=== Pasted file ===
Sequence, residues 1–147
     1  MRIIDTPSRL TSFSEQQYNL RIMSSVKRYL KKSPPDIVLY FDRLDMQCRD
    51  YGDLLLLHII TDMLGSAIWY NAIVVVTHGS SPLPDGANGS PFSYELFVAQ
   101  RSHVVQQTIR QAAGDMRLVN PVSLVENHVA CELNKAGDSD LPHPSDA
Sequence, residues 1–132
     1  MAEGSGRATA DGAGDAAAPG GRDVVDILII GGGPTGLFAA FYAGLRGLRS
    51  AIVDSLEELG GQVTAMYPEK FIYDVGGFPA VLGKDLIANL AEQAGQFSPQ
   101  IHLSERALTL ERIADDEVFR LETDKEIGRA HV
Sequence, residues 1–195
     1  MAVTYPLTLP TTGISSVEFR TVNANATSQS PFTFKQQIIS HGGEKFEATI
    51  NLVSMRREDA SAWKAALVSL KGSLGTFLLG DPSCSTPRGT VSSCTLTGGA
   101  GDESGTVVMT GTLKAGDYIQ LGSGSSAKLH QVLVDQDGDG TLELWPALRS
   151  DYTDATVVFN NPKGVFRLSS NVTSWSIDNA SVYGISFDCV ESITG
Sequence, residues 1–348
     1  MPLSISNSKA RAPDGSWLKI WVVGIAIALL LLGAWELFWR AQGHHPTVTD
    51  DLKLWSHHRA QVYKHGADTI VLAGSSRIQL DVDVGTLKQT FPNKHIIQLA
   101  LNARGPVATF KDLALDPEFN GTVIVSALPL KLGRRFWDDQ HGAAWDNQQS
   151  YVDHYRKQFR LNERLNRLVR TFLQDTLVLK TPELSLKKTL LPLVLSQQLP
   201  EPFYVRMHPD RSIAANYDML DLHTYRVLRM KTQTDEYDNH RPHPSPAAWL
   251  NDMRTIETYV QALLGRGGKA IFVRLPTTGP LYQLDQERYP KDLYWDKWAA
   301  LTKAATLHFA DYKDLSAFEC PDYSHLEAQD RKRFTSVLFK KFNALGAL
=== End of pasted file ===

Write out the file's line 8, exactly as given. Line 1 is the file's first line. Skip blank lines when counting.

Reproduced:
   101  IHLSERALTL ERIADDEVFR LETDKEIGRA HV